When I think about the way we interact with children in feeding therapy and in my Get Permission classes, I talk about a positive and a negative tilt.

Positive Tilt

The parent offers and the child comes toward the parent. They come together in the center. The parent offers with the spoon or the bottle or the breast and says, "Do you want it?" And, the child says yes by opening their mouth and reaching for the food or the spoon. The parent and child come together at the midline, either physically or emotionally (Figure 1).

Figure 1. Example of a positive tilt.

In a positive tilt, things are working, but in a negative tilt, the parent is offering and the child is pulling away.

Negative Tilt

In a negative tilt, the child is saying, "Wait! I do not want it." Physically or emotionally, the child does not want what the caregiver is offering (Figure 2).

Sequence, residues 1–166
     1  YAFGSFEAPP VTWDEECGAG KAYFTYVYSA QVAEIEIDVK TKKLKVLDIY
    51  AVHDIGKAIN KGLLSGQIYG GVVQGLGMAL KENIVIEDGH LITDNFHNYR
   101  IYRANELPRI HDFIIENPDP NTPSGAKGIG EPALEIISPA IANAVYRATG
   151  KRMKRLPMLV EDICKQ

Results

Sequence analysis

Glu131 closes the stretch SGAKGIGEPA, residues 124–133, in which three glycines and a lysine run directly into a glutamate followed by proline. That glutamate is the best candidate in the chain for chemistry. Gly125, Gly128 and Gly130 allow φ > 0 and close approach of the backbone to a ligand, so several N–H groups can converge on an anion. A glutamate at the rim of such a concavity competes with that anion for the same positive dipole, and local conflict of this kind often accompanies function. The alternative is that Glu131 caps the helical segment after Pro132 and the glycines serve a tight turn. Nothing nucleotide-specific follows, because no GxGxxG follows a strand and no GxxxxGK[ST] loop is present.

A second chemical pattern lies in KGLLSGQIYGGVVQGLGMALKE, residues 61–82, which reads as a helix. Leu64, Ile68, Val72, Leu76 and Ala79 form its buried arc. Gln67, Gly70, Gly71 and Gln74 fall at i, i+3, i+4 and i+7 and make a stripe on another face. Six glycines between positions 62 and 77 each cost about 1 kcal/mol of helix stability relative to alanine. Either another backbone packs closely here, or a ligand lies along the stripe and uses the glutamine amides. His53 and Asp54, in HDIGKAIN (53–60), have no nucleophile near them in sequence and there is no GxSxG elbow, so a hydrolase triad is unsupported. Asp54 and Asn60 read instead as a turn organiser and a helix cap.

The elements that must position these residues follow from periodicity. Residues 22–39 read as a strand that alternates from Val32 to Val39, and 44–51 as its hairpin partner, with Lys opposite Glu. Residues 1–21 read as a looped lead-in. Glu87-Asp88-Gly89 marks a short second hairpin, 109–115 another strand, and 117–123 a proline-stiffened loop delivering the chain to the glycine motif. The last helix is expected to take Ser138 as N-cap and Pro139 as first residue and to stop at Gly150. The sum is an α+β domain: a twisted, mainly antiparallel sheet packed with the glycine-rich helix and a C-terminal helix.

Figure 2. Example of a negative tilt.

We see this a lot in feeding. The children have to have the readiness to accept what we are offering them in feeding.

Get Permission Approach

  • Adult offers and the child gives permission or not.
  • Look at influences on permission carefully
  • When no permission, we must adapt
  • If the child is resisting, we are pressuring or asking too big an ask.
  • What do WE need to do to offer so the child is able to give permission?

We talk about the adult offers, and then the child gives permission or not. When the child is not giving permission and is leaning away, turning away, closing their mouth, or saying "no," we want to make sure that we adapt. When the children do not give permission, we have to adapt our offer. If the child is resisting and pulling away, if the child is feeling pressured, or we are making too big of an ask, that means that we need to adjust. What do we need to do with our offer so that the child is able to give permission?